Monday, 10 January 2011

The consequences of the crisis left unsaid...

The situation faced by Greece these days has many consequences that have been discussed heavily in the media (unemployment, uncertainty, migration by mostly young and well qualified people, a rise in criminality etc.) but also some contingent consequences that have not been addressed.

Of those left unsaid the one that beats all of them, according to my view, is the crisis’ effect on demographics. This potential knock-on effect has several feedback loops with the economy that are substantial.

High unemployment and the total loss of income that it brings have a negative effect on household formation and the number of births. Especially that can be said about high unemployment among young people around the age that, in most cases, families are formed.

The current growth model that Greece relied on has run its course. It was mostly based on state employment and its spill-over effects on the rest of the economy along with the heavy protection of certain lines of business that guaranteed a hefty profit margin for those involved in them. This was the norm for almost three decades, so people have come to consider it as normal. With the latest developments, where Greece is forced to cut down on deficit spending and to tidy up a prodigal state budget, this growth model has come down with a bang. Hence, it is natural for people to regard the future overwhelmed by uncertainty and stress. This is always the case when change comes suddenly and shutters the conventional beliefs but then Greece had its chances to bring changes gradually and all of them went to waste. Maybe this is part of human nature of just part of the Greek psyche.

I wanted to take a look at similar cases to draw some conclusions. I tried to find data for Argentina where the situation of its 2001 default was in many ways similar to the Greek case but I was not able to. I tried to come up with other countries that had a sudden and all engulfing change brought up on them suddenly and I thought of the former Eastern European communist states and more specifically Poland (which by the way is the only European country not to fall into a recession in the current crisis). So, here we go…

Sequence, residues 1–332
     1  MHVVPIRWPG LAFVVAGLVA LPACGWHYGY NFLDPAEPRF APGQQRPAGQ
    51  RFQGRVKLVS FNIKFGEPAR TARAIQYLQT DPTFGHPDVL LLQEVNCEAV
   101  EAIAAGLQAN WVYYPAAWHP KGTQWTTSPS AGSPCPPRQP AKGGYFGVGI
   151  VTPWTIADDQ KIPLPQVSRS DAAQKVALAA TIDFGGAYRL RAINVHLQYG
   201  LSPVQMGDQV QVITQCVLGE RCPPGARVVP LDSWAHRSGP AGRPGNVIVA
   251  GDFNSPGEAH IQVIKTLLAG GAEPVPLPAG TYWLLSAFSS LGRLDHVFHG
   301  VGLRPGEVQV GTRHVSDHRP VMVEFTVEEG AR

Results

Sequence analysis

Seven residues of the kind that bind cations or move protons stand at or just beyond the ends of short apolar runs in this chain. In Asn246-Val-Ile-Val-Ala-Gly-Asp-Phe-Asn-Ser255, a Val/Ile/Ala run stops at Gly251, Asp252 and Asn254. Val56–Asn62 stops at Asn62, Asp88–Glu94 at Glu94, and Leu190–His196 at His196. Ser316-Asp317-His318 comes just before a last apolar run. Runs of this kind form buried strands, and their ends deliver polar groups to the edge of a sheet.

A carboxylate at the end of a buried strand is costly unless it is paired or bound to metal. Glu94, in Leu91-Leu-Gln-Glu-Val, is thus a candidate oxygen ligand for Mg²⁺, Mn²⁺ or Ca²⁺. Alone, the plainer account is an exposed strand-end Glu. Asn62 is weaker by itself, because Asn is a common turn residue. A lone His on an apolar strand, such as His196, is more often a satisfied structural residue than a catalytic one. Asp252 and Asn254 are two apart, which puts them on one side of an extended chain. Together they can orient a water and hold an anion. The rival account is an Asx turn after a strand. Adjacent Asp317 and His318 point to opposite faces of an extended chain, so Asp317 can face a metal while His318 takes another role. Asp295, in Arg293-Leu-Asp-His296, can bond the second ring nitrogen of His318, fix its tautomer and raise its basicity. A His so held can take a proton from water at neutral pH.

The communist regime in Poland collapsed on 1989 and the country faced a real challenge since it had to transform its economy from centrally-planned into a free-market one. The change going on was phenomenal and it made people feel uncertain about what is coming since this was something that had nothing to do with what they had come to regard as normal over the past forty years or so. Many people migrated and until things started to settle down unemployment was very high.

Unfortunately I only found data going back until 1995. Until the first years of the 00s unemployment climbed at 20% until it started falling on 2003. Therefore, we can safely conclude that the transformation process is not a short one but a rather long one.

source: Central Statistical Office of Poland